Global eye health research by Johnson & Johnson Vision sheds light on people's views on the importance of eye health and barriers to care. Although people say that they accept that eye examination is important for general health, most of them do not know why and do not take the necessary precautions to protect their eye health.
Johnson & Johnson Vision announced the results of its recent global eye health research. The study reveals a disconnection in patient views on the importance of eye health and how they prioritize it as part of their overall health, barriers to eye care, and changing attitudes towards eye health specific to different regions, generations, and genders.
Most of the respondents (80%) say eye exam is important for their overall health. 68 percent of the participants state that seeing healthy improves the general quality of life and 61 percent stated that healthy eyes make them feel safe.
However, despite this awareness, less than half (46%) of all respondents say they have an annual eye examination, which is the most important step for eye protection.
When asked why they did not have an annual eye examination, the participants shared the following answers:
The most common answer is that their vision levels remain unchanged (32%). This result offers us the opportunity to inform patients that an annual eye examination can protect vision and play an important role in overall health.
The COVID-19 outbreak has increased the importance of health. But it also affected people's motivation and willingness to apply for healthcare services, including eye exams. Less than one-fifth (16%) of respondents say they are unable or unwilling to schedule an eye exam due to the pandemic.
Finally, the cost. The survey reveals that for certain groups, including the younger generation, cost is a much greater barrier. Worldwide, 24 percent of Generation Z and Generation Y say that they can no longer afford to go to an ophthalmologist.
The biggest obstacle in front of eye care that they are committed to change, starting with awareness and access to eye health perception, emphasizing the Johnson & Johnson Vision Professional Training and Development Manager Open Turkey. Dr. “This survey has created new insight into how we can help people prioritize their eyes by having an annual eye exam, and areas where we can take action,” said Banu Arslan.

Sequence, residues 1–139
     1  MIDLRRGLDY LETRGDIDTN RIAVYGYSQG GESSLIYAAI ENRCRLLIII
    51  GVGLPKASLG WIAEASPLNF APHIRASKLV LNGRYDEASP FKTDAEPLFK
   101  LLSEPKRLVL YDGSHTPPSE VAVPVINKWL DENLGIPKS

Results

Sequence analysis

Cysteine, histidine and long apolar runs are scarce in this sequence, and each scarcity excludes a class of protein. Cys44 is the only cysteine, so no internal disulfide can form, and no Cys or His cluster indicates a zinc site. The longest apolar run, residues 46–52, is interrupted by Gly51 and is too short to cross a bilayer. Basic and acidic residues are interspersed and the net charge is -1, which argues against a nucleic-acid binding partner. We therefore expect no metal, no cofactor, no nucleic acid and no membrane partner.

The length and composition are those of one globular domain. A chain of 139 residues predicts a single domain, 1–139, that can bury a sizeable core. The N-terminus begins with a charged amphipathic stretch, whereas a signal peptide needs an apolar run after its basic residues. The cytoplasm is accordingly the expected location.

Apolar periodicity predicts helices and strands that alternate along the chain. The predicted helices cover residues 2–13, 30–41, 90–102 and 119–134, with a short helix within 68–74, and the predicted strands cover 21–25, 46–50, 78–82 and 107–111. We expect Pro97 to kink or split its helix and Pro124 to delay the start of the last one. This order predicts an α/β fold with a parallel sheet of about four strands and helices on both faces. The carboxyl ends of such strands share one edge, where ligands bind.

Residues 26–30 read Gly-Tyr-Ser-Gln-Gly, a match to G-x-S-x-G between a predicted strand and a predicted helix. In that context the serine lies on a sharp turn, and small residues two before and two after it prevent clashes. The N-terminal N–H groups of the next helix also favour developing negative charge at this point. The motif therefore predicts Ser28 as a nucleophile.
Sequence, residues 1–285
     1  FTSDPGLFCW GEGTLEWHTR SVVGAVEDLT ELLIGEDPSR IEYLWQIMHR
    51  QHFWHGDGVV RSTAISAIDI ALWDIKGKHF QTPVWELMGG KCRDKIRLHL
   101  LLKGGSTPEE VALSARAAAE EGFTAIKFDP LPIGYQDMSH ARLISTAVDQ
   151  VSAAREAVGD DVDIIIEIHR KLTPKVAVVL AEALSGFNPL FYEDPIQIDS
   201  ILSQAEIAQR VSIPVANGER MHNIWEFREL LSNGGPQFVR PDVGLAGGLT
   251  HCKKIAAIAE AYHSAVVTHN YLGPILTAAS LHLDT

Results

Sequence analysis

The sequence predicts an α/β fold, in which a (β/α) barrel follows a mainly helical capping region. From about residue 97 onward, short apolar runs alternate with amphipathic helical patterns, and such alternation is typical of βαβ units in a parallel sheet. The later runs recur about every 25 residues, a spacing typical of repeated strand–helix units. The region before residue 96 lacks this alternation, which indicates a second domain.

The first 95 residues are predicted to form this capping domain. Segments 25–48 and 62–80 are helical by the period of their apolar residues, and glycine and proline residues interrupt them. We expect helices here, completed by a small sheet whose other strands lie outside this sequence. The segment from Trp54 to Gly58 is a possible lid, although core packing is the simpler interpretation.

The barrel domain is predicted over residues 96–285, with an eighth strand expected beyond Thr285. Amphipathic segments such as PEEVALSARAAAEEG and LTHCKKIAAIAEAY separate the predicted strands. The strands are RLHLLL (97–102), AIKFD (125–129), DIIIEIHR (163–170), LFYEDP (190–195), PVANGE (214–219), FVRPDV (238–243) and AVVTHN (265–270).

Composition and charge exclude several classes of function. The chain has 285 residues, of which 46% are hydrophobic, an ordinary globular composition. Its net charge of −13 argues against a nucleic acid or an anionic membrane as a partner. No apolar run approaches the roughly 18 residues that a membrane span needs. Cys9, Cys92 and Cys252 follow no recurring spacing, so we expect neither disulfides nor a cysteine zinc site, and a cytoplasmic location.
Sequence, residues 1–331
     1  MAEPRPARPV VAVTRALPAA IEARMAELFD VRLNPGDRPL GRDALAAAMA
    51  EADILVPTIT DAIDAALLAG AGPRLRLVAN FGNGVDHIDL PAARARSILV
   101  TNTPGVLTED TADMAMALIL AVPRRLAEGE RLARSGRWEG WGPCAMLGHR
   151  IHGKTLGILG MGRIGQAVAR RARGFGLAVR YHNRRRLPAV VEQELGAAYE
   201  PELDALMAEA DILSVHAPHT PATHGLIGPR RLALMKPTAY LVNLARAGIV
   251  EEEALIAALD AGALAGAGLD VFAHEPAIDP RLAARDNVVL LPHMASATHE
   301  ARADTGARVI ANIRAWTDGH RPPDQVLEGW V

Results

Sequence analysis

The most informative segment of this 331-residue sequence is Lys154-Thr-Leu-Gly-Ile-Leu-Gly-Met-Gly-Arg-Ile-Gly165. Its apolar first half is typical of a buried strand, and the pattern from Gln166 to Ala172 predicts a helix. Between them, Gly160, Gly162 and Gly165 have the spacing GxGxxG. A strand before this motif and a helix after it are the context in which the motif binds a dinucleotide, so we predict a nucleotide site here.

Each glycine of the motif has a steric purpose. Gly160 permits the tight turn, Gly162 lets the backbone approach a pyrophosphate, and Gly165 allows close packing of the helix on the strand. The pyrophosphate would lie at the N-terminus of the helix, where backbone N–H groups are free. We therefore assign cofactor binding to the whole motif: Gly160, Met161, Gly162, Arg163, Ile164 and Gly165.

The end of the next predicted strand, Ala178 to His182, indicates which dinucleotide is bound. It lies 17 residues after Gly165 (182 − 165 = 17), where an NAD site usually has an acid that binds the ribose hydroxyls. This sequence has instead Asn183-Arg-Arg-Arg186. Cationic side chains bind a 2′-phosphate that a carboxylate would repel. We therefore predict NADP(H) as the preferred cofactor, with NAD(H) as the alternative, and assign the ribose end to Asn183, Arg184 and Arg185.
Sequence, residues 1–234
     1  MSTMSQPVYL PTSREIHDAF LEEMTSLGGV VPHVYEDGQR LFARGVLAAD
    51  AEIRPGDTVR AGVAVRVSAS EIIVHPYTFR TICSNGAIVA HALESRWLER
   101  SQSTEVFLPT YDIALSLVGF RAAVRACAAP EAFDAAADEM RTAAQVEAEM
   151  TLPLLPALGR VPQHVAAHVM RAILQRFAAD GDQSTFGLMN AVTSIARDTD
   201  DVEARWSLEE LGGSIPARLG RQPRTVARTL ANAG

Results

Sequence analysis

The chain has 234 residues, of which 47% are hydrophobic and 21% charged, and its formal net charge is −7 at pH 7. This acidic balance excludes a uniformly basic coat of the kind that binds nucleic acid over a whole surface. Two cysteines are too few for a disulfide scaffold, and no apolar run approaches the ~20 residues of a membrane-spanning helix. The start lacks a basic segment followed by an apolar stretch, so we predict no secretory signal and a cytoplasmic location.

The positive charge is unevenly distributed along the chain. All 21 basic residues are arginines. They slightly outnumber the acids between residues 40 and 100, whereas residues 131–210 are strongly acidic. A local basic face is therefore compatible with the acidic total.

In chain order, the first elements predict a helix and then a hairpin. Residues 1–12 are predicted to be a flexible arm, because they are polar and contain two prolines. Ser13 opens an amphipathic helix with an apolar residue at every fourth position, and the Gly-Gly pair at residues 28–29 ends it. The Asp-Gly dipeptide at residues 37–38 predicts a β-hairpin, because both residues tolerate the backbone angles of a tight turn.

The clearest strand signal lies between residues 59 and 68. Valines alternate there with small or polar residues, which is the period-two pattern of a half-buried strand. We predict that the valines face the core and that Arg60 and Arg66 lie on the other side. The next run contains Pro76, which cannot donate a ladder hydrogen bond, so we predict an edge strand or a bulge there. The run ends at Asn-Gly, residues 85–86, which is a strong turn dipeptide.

Survey outputs also show that people do not fully understand what steps are necessary to maintain their quality of vision.
Less than half of the respondents (47%) believe that it can prevent deterioration of their vision or that vision loss is part of aging and they have no control over it (46%). In fact, the prevention and treatment of eye diseases that change the quality of life begins with a single eye examination. Both individuals and eye care professionals can access more information as a result of this examination.
Respondents are unaware of the potential benefits and effects of healthy vision, including that it can affect learning and understanding (39%) or is critical to healthy development in children (25%).
Surprisingly, 69 percent of respondents said they knew eye examination could help diagnose early signs of chronic diseases, although most did not know the full extent and had diabetes (only 25%), cardiovascular diseases (10%) or cancer (9%). He is not aware that he can help his diagnosis.
The survey was conducted online by Fleishman Hillard's in-house research application, TRUE Global Intelligence, among over 18 adults aged 6.000 and over in the United States, Japan, China, Germany, Russia and the United Kingdom. This study is part of the "Prioritize Your Eyes" project launched in February 2020 by Johnson & Johnson Vision, a worldwide initiative to raise awareness of the importance of eye health and encourage everyone to have an annual eye exam.